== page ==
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The Silent Writer

September 1, 2012

I lost my father yesterday, and the world lost an eccentric, hidden genius.

Daddy (I’m from the south–even my older brother still calls him “Daddy”) was a country boy. No–he wouldn’t agree to that. He was a mountain boy, raised in the hills of Eastern Tennessee, a home he loved and cherished even though the military sent him around the world, from Alaska to Vietnam, with hardly the chance to live there again. He lost his dad when he was young and joined the army so he could send money home for his younger brothers and sisters. Most people would call him a hillbilly, especially when they heard that accent (“I-talyen”), but my dad was one of the most learned men I’ve ever met. He read everything he could get his hands on. He could tell you the entire plot of a book just by reading the first and last chapters. He knew the histories of most countries around the world, and you didn’t want to get into a discussion about religion….

Every few weeks, I would call him and tell him my latest story ideas, and he would tell me his. This wasn’t anything new. At four years old, he had me telling him stories, and he was shoving new books into my hands. My brother and sisters and I were reading “Les Miserables” and “A Tale of Two Cities” by thirteen years old. Our dinner table was a trivia session. We all would toss out questions and see who could answer the fastest. His goal was not only that his children were moral people but educated ones who wouldn’t take anything at face value but question everything. Some would see this as a fault, but I see this as… well, Daddy.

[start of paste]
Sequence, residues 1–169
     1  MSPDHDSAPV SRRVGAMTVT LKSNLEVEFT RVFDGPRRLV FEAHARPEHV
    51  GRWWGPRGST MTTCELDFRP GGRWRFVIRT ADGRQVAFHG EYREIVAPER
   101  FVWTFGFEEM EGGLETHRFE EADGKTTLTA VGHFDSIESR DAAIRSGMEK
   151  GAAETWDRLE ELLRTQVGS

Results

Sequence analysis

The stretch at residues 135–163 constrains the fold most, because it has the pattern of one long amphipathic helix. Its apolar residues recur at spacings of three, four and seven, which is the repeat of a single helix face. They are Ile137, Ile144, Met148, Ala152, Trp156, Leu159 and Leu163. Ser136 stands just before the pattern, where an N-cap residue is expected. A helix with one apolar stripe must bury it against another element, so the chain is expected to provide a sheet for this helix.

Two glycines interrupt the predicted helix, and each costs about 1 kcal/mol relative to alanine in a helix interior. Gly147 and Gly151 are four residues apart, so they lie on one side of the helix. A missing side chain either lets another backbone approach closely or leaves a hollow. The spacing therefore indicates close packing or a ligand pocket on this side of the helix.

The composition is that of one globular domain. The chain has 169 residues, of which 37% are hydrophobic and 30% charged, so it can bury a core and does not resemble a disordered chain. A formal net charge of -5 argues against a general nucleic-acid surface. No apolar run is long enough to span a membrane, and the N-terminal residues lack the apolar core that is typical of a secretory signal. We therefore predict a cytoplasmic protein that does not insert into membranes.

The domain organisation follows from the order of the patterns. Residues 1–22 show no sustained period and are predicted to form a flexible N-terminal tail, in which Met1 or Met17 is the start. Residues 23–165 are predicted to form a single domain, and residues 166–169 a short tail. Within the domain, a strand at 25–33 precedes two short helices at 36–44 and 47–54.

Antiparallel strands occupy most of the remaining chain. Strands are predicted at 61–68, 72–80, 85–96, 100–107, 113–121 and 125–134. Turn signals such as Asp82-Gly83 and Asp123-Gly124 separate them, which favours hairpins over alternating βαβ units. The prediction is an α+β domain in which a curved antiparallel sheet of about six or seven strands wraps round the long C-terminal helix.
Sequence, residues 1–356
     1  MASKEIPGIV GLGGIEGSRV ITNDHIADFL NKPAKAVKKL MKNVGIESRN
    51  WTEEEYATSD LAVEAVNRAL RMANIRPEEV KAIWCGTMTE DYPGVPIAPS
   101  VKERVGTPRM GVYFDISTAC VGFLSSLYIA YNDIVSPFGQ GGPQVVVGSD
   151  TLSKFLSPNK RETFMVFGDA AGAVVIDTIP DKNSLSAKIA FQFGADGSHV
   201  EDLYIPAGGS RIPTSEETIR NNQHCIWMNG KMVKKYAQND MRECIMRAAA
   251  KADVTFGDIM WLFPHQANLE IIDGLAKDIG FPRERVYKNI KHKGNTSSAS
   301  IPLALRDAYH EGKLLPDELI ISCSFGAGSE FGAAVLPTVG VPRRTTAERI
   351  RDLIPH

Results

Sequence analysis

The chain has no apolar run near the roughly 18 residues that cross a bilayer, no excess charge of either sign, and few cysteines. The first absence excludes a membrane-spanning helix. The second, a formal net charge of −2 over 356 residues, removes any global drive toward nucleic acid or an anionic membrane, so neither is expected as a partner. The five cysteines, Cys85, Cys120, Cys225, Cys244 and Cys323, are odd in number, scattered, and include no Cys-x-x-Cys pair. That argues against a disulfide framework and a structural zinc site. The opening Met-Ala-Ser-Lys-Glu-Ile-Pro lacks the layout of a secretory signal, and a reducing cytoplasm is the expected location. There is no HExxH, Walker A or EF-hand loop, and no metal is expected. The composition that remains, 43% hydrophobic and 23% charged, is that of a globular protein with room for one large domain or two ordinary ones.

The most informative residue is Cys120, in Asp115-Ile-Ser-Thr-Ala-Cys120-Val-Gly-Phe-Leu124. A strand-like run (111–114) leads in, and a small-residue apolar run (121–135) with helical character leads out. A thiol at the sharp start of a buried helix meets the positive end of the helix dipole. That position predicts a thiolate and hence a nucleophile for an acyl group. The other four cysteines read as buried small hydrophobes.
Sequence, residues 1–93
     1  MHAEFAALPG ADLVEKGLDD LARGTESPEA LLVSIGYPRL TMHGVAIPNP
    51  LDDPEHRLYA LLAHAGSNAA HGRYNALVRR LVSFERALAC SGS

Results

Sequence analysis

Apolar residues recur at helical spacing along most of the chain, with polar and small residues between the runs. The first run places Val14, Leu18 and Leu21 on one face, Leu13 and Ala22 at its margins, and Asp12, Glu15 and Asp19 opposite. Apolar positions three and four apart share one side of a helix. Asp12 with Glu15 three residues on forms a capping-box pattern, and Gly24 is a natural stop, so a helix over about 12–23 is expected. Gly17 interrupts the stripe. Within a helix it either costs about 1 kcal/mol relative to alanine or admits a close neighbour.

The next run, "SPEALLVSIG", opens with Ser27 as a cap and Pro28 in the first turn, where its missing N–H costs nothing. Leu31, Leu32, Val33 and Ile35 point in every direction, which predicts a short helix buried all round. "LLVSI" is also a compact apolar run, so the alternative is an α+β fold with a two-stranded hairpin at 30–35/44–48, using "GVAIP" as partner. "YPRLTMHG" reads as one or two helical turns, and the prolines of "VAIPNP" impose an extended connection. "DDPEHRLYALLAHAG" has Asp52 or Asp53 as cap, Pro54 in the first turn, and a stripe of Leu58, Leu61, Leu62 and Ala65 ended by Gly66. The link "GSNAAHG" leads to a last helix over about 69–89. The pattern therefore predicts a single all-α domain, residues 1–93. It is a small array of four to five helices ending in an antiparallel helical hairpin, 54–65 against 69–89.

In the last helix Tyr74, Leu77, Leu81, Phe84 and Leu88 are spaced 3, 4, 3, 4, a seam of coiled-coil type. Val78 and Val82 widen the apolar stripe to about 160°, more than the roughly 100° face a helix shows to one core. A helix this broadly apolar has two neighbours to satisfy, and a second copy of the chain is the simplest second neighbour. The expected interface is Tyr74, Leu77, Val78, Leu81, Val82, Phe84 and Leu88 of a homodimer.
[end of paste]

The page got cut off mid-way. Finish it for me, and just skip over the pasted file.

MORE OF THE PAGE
I called him on his last birthday and told him I finally finished a novel and that it would be posted online in a few days. I’d waited and waited for years, hoping that one day it’d be a published book, but I went ahead… and I’m glad I did. I’m glad he got to see it. And after that, he began writing and writing. He’s always wanted to be a writer but never had the time or health to finish books. He told me he was writing down all of his plots and would mail them to me so I could edit them and post them online. Last week, I asked him if he’d sent them yet. He said he hadn’t but that he would send them to me anyway, so I could finish them. I now know what he meant.

I have a lot of my dad to give to my son. I can tell him how he gave up everything–his goals, his life–to provide for his brothers and sisters and for his children. I can teach him to love literature and to love knowledge. But I hope I can give more of him to the world by finishing those stories and finally making Daddy a published author.

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From → Writing

One Comment
  1. Well said. We’ll get them finished together, and let everyone know about when he “a little girl”. And we’ll keep it going–I’ll tell you about Papa’s Book Day when you get here. I think the only thing more important to him than books was family–and I think he succeeded in both counts. Love you guys.

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